Pulmonary fibrosis is a devastating disease characterized by progressive scarring in the lungs, killing up to half of patients within five years of a diagnosis. Little is known about whether there are differences in how the condition affects individuals of different ethnicities. New research at the University of Chicago Medicine has found that Black patients with pulmonary fibrosis are significantly younger than their Hispanic and white counterparts across a wide variety of disease metrics, including diagnosis, first hospitalization, lung transplant and death.
“Pulmonary fibrosis is a deadly disease, and people are often diagnosed right around the time they retire,” said Ayodeji Adegunsoye, MD, MS, Assistant Professor of Medicine (Pulmonary/Critical Care) and lead author on the study, published March 10 in JAMA Network Open. “You can imagine how devastating it would be, to work diligently all your life and then as you are about to retire, you’re diagnosed with a disease with a life expectancy of around three years. Anything that increases the mortality of this disease should be carefully examined.”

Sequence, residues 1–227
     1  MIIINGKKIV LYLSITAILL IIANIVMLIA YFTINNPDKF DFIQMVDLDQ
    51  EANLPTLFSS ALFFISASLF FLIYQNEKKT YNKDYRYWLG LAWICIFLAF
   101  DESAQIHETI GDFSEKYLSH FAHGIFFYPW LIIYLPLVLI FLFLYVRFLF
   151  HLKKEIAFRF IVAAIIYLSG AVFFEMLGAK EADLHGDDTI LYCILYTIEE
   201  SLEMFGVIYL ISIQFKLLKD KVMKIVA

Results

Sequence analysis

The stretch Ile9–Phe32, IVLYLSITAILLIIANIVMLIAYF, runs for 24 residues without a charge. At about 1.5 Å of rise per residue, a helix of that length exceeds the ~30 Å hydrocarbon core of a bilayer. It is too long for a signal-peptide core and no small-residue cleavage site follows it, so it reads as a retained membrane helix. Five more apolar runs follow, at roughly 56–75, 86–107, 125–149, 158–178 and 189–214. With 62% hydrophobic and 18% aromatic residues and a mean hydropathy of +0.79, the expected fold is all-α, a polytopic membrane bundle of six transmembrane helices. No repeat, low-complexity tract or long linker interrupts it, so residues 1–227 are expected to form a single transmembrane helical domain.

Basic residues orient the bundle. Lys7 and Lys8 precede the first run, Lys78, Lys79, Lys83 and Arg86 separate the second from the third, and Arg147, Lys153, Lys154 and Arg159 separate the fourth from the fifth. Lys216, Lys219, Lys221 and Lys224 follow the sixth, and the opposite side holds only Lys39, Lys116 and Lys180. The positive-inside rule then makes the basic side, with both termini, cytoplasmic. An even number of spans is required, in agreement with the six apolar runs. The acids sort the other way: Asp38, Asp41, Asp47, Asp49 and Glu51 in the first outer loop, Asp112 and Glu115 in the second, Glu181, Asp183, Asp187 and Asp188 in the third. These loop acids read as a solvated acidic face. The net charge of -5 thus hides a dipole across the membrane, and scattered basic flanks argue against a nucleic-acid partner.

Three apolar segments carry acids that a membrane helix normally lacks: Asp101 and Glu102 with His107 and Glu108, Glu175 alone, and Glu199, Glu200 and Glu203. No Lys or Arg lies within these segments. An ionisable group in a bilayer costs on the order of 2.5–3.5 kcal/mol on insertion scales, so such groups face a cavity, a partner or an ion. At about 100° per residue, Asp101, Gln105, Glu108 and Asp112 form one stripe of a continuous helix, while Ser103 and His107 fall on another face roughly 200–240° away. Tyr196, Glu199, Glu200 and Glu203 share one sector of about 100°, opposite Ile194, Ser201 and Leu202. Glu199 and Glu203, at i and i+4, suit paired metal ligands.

The study examined data from four geographically distinct hospitals across the U.S. and followed the outcomes for over 4,500 patients between January 2003 and April 2021. The results found that Black patients were diagnosed with pulmonary fibrosis at an average age of 57.9 years, compared to 68.6 years for white patients. Black patients were also less likely to be male and more likely to be hospitalized compared to white and Hispanic patients, and were consistently younger at the time of their first hospitalization, lung transplant and death.
“I was driven to study this question through my work with patients with pulmonary fibrosis on the South Side of Chicago,” Adegunsoye said. “This disease has no clear cause and no cure, but it is not a cancer; the poor prognosis made me wonder if Black patients are as affected by this disease as whites, and whether or not they experienced different outcomes. And we saw that Black patients’ experience with the disease is accelerated by about 10 years.”
Originally published in The Forefront, 3/20/2023